Gardai have arrested 188 people at water protests within the last year — including six for assault and four for weapons offences.
The figures come as Justice Minister Frances Fitzgerald confirmed the existence of a special Garda intelligence operation on water protesters.
Responding to parliamentary questions from Anti-Austerity Alliance TD Paul Murphy, Ms Fitzgerald said garda figures show that 188 people were arrested at water protests since last November.
They include 75 people under section 12 of the Water Services Act and 91 for public order offences. In addition, six were arrested for criminal damage, six for assault on gardaí or Irish Water staff, four for firearms/offensive weapons offences, three for endangerment, and one each for outstanding warrant, breach of bail and trespass.
Some 38 of the 188 arrested are due to face charges at the same sitting of Dublin District Court on November 2, in relation to two separate water protests.
Mr Murphy is one of 26 people facing charges in connection with a water charge protest in Jobstown, Tallaght, on November 15, during which Tánaiste Joan Burton and her adviser Karen O’Connell were kept in their car for more than two hours.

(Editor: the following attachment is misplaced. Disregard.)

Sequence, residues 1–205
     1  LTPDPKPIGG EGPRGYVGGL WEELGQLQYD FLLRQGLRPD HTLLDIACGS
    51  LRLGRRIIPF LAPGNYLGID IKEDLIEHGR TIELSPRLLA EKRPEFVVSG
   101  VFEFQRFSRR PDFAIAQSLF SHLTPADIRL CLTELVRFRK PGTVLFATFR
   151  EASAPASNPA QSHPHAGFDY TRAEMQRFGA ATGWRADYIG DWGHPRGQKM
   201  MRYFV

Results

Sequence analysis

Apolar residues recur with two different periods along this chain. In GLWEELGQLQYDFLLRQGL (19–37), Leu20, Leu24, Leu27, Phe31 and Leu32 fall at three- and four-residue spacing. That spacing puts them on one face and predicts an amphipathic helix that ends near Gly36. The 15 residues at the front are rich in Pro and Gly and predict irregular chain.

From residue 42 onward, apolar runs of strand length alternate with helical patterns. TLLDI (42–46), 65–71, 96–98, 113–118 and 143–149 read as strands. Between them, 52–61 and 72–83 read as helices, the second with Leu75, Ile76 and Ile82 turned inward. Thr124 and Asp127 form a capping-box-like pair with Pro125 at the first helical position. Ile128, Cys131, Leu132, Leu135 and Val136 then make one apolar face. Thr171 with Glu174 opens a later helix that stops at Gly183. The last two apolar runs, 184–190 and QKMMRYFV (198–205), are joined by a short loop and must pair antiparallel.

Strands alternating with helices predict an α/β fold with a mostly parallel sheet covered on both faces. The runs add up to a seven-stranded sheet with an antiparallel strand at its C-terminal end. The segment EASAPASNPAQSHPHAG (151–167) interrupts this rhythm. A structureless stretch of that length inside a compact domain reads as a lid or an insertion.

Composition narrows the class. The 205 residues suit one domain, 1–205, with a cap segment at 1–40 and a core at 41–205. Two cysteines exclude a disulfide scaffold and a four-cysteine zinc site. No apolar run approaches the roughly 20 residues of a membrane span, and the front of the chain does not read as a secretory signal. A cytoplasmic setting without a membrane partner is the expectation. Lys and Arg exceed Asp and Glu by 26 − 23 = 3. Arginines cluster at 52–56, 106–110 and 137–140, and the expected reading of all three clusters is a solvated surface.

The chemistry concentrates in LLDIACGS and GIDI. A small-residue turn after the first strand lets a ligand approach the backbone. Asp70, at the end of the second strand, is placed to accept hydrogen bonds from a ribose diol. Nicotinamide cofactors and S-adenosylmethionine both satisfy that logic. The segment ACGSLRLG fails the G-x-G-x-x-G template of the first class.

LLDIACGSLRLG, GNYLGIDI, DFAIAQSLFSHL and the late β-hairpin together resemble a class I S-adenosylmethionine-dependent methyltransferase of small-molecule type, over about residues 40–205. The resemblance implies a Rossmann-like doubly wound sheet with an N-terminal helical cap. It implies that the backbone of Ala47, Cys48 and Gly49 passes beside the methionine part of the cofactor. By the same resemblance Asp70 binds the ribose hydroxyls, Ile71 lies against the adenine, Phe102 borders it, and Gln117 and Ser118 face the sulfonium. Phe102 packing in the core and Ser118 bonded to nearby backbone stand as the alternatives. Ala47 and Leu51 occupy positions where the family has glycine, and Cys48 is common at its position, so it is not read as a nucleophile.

A further 12 people, including United Left Alliance TD Joan Collins, are facing public order charges in connection with a separate protest in Crumlin in April.
Meanwhile, Ms Fitzgerald confirmed to Mr Murphy that a specific garda water charge operation, code-named Mizen, did exist.
She said the operation was established as a National Co-ordination Office “to provide policing responses to maintain public order and to ensure the safety of all those involved in protests against water charges”. She said one of the avenues used by this team was “open source information”, which was generally available on the internet and social media.
Ms Fitzgerald said that Operation Mizen “does not engage in technical surveillance or lawful interception and that no public representative or member of the public is subject to such surveillance”.
Responding, Mr Murphy said: “This confirmation from the minister that there exists within the gardaí a special unit to keep under surveillance people who are taking part in the anti-water charges movement should cause serious worries across society to those who think that the right to protest is a fundamental democratic right.”
Mr Murphy said Ms Fitzgerald had stated that one of the avenues used by the operation was the monitoring of open source information.
“That sounds fine, but what other avenues are they using?” asked Mr Murphy.
“There are further questions which her reply raises — for instance, it says that Operation Mizen does not use ‘technical surveillance or lawful interception’ and that no elected representatives are under these specific forms of surveillance but does not rule out that they are under different forms of surveillance.”
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